The Sutton Trust research brief Private Pay Progression, on the pay advantages for the privately educated in the workplace, was mentioned in a written parliamentary question. Phil Boswell, SNP MP for Coatbridge, Chryston and Bellshill, asked on 15 October 2015:

  • To ask the Secretary of State for Business, Innovation and Skills, what steps the Government (a) has taken and (b) plans to take in response to the finding of the Sutton Trust in its research brief entitled Private Pay Progression, published on 6 August 2015, that despite performing as well, if not better, at university, graduates from less privileged backgrounds are less likely to enter the professions.
  • To ask the Secretary of State for Business, Innovation and Skills, what the implications for his Department’s policies are of the finding in the British Journal of Sociology that despite rising numbers of young people from non-traditional backgrounds coming through the higher education system, there is declining social mobility.

Universities Minister Jo Johnson answered on 16 October 2015, saying:

  • The Government notes the report by the Sutton Trust and its conclusions in respect of graduates. Widening access to higher education is a high priority and the latest UCAS data shows that a record proportion of students from the most disadvantaged backgrounds will enter higher education this year. As well as increasing access to higher education, we will consult in the autumn on proposals for a Teaching Excellence Framework which will strengthen incentives for universities and colleges to focus on student retention and progression into work or further study. Through the Social Mobility Business Compact, Government is also working with around 190 employers to open up opportunities to candidates from all backgrounds. These employers have committed to adapt their outreach activities, their work experience programmes, and their recruitment processes to ensure that candidates from less privileged backgrounds are not excluded.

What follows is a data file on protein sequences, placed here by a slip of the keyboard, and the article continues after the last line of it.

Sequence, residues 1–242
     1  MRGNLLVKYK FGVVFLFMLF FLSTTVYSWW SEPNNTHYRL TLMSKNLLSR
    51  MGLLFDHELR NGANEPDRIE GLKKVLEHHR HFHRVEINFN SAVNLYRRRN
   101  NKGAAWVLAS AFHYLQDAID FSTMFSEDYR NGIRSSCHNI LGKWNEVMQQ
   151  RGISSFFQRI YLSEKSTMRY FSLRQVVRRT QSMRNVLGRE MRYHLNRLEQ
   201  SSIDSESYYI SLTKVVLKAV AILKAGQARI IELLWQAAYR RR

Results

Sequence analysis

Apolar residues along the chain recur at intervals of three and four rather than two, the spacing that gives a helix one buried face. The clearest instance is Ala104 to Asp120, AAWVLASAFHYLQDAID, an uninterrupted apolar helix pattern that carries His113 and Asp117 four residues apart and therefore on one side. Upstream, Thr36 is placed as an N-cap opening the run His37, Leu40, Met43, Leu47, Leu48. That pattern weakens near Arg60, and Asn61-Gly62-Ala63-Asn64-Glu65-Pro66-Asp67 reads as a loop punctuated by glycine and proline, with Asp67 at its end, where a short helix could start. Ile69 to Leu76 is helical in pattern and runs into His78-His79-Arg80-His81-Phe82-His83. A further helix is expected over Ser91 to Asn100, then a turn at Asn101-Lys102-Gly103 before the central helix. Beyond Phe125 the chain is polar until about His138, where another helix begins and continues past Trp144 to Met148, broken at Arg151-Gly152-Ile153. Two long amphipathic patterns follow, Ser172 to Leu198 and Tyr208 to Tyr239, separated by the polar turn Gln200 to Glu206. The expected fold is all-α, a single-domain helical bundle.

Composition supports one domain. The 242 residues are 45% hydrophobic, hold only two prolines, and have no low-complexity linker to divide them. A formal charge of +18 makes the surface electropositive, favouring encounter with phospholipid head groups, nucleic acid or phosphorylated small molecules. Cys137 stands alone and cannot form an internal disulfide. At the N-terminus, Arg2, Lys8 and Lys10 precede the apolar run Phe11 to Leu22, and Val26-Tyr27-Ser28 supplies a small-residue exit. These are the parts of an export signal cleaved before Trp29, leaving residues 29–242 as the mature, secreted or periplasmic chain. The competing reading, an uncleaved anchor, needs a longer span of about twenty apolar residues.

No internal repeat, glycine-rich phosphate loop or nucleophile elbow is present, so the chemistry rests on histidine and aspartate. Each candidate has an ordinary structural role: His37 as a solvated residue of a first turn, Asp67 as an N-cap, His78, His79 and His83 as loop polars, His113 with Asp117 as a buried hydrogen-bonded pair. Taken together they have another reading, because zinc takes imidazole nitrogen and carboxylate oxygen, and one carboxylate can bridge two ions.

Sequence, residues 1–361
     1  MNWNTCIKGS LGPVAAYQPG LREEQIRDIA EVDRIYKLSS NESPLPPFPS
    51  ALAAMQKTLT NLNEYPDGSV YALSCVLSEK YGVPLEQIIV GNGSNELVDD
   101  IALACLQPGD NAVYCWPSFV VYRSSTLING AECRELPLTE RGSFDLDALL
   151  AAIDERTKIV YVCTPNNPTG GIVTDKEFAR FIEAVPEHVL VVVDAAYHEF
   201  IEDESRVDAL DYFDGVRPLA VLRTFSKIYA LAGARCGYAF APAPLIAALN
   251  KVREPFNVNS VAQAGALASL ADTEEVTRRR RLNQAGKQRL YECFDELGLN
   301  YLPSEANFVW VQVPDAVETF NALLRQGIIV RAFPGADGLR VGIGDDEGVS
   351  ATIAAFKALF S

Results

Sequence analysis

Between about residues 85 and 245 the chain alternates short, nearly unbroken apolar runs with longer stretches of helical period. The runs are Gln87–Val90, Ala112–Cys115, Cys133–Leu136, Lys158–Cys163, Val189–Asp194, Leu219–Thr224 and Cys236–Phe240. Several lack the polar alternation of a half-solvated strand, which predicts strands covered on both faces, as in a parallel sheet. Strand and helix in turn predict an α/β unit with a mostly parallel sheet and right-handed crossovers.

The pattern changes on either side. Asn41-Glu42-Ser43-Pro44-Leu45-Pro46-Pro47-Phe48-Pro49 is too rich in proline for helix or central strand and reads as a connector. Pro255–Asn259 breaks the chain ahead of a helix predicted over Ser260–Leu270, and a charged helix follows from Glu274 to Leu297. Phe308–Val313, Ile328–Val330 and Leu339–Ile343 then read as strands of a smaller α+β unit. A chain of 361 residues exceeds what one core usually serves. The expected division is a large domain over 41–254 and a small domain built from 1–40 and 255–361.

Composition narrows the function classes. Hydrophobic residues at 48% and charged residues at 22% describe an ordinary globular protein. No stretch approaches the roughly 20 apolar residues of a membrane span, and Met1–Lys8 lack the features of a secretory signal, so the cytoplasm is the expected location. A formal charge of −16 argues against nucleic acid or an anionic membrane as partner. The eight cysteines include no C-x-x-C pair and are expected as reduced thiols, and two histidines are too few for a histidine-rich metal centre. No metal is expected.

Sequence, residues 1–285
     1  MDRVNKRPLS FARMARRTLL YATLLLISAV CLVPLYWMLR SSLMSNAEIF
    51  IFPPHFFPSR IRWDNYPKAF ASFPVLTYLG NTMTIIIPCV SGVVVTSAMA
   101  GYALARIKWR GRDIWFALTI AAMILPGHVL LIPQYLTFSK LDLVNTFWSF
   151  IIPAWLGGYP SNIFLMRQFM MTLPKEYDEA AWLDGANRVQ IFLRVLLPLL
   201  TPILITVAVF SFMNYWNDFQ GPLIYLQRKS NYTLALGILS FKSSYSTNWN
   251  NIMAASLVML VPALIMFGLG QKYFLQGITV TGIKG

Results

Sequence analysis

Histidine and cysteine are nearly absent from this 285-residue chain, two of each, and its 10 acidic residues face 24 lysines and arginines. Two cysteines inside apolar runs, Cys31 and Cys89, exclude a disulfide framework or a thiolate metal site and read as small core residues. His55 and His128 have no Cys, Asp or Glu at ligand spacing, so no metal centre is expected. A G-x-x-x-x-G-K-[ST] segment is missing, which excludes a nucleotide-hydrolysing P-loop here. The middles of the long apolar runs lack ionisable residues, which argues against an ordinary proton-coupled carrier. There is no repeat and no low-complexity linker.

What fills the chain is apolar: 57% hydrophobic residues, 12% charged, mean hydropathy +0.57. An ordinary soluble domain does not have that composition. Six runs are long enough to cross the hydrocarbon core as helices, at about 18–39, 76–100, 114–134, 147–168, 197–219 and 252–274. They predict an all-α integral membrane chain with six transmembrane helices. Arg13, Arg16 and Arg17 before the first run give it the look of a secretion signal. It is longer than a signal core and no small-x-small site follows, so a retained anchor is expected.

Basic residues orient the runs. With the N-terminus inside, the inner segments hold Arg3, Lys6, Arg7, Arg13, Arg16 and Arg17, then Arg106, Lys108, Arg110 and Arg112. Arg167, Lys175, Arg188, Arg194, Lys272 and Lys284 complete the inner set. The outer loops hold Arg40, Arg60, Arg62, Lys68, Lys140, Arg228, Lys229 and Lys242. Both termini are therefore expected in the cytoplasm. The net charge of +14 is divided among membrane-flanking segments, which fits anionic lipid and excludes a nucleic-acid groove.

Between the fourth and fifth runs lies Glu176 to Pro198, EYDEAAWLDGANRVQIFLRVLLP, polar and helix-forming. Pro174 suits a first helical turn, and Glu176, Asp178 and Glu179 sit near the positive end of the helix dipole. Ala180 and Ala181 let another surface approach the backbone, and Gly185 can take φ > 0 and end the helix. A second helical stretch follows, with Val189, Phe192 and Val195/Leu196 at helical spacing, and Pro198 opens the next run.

• The findings of the British Journal of Sociology are principally drawn from data in the 1958 and 1970 British birth cohort studies and should be read in the context of other research into the benefits of higher education to individuals. Over their working life, the average graduate will earn comfortably over £100,000 more in today’s valuation, net of tax, than a similar individual who completed their education with 2 or more A levels. By lifting the cap on student numbers, the Government is enabling more people than ever before to benefit from higher education.

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